PEPSI stands for Phrasal Verb, Expression, Proverb, Slang and Idiom.
Many textbooks have a lot of grammar exercises, listening practices, writing activities and vocabulary sections. However, very few textbooks teach language used outside of the classroom. Studying language only from textbooks is simply not enough. Students can do very well in the classroom, get high scores on tests, have fluent conversation with their classmates but struggle when they enter the real world. They have trouble interacting with native speakers, trouble understanding dialogue in movies or TV shows, and trouble reading newspapers or social media messages. They grow increasingly frustrated because taking traditional English classes does not help them improve. PEPSIs grew out of this frustration, it is a way to learn language that is used on a daily basis by native speakers, both in speaking and writing.
Each student will study PEPSIs differently. Students who want to focus on improving their fluency when speaking to native speakers casually should focus on phrasal verbs, expressions, and slang. Students who want to write more colorfully when they express their emotions and ideas should focus on idioms. Students who want to get a high score on the TOEFL or TOEIC speaking section should focus on phrasal verbs and idioms. Students who are interested in culture should study proverbs. Each part of PEPSI has its different uses:
Phrasal Verbs are extremely common in both speaking and writing. It is often difficult to guess the meaning of a phrasal verb, and many phrasal verbs can have multiple meanings and can be used in different ways. Another issue is that some phrasal verbs require an object (transitive), and others do not (intransitive). Some transitive phrasal verbs are separable, others are not. For instance,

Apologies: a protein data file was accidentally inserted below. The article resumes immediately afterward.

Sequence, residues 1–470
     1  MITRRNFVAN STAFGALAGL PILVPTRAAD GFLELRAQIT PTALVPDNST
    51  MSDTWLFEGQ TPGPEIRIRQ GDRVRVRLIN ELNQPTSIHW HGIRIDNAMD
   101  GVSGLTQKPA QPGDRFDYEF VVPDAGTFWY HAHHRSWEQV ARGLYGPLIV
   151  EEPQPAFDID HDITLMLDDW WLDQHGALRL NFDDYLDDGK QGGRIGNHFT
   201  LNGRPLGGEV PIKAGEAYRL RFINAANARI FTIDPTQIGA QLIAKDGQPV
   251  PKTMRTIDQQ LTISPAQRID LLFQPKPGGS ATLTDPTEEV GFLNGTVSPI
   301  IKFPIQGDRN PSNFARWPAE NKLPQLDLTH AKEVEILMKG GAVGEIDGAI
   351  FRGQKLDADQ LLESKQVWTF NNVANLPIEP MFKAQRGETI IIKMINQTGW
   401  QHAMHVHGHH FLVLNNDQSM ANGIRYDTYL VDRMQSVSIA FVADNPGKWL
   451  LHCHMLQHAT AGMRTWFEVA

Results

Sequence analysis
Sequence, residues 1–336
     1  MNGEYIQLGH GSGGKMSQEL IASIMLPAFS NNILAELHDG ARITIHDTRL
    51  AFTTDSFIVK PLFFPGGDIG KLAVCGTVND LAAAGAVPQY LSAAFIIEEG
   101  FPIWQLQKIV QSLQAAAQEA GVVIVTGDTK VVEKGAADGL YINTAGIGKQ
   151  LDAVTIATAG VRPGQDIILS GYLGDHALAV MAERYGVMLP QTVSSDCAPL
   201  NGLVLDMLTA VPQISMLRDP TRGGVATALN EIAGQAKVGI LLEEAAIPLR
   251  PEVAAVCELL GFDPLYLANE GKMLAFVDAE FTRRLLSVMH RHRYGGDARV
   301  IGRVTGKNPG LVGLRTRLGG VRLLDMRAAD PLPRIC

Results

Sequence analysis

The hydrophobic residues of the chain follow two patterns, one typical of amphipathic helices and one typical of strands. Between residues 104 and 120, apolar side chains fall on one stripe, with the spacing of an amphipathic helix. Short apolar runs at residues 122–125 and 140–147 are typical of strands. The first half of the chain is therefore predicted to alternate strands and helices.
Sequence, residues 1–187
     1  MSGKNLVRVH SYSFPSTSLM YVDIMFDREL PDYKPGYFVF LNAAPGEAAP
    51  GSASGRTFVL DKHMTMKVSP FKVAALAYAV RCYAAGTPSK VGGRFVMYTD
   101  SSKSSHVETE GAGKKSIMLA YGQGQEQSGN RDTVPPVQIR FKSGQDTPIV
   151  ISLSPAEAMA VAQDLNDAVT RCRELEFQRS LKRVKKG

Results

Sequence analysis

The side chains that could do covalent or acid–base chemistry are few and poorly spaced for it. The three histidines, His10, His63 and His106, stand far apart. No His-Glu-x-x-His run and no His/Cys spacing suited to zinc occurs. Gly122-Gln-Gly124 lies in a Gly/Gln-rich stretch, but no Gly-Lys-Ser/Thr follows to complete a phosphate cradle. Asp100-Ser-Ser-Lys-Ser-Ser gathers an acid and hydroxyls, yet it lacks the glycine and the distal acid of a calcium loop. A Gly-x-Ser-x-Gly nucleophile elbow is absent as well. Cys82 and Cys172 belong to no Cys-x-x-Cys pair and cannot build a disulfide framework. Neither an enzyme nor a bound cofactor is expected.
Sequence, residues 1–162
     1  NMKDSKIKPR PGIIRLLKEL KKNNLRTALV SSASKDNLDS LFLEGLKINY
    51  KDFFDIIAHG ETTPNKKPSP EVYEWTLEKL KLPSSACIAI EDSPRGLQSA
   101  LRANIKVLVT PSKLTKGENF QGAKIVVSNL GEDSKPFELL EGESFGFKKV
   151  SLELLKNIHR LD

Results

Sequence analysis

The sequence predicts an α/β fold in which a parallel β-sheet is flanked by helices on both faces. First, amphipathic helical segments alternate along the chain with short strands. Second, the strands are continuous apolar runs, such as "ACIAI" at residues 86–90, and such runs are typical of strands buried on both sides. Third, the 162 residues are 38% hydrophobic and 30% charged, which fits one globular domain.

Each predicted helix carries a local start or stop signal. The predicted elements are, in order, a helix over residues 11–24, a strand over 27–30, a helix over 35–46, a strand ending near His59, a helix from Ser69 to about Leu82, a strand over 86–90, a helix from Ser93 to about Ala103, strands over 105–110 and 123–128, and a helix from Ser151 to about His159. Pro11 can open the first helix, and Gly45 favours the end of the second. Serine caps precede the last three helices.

Take off (pv):
1. “I want to take off my jacket, it’s so hot inside.” (meaning: remove a piece of clothing)
2. “It’s getting late, I need to take off.” (meaning: to leave, to go)
3. “I took some time off to focus on myself and my family.” (meaning: not work)
4. “The airplane took off on time.” (meaning: (of an airplane) to fly)
5. “She took 10 percent off my bill because I paid cash.” (meaning: to discount)
6. “My new business has really taken off.” (meaning: to become successful quickly)
The simple phrasal verb take off has many meanings, and depending on the meaning it is transitive (1, 3, 5) or intransitive (2, 4, 6). Phrasal verbs are very complicated and highly contextual (depends on the situation). In addition, some phrasal verbs have two prepositions (e.g. to catch up with someone), others only have one preposition or adverb.
Expressions are formal or informal phrases often used in conversation. There are many different expressions in the English language, some are easy to guess because there is a lot of context, others are very hard to guess. Using expressions fluently in the correct situation, using the right intonation and even facial expression will help students sound more natural. If you have lived in NYC for only two months, but can use various expressions effortlessly, it will appear to other native speakers that you have lived in the city for a much longer time. The danger of expressions is using them incorrectly – without the right emotion, in the wrong situation, using a strange intonation or not understanding formality.
What’s up? (e)(s): an informal expression to say, “How are you?” or “Hi.” If you say this to your boss, or someone with authority, it can be perceived as rude. This expression is more commonly used among friends.